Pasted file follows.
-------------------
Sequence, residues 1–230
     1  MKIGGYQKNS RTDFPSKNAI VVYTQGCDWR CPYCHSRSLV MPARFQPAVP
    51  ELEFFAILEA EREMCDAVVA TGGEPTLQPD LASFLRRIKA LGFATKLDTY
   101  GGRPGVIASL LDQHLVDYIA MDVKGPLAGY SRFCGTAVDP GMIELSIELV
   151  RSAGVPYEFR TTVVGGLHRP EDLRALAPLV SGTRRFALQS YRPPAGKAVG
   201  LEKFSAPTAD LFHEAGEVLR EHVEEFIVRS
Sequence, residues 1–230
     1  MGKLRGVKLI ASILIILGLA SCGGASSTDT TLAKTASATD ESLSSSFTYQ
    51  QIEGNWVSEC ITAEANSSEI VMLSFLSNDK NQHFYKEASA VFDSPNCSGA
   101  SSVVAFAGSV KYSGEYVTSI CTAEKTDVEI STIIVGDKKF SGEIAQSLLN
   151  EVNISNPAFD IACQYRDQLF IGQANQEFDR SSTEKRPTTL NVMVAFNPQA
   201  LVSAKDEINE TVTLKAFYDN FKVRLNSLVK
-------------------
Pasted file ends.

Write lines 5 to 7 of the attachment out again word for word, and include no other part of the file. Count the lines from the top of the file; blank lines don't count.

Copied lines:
   151  RSAGVPYEFR TTVVGGLHRP EDLRALAPLV SGTRRFALQS YRPPAGKAVG
   201  LEKFSAPTAD LFHEAGEVLR EHVEEFIVRS
Sequence, residues 1–230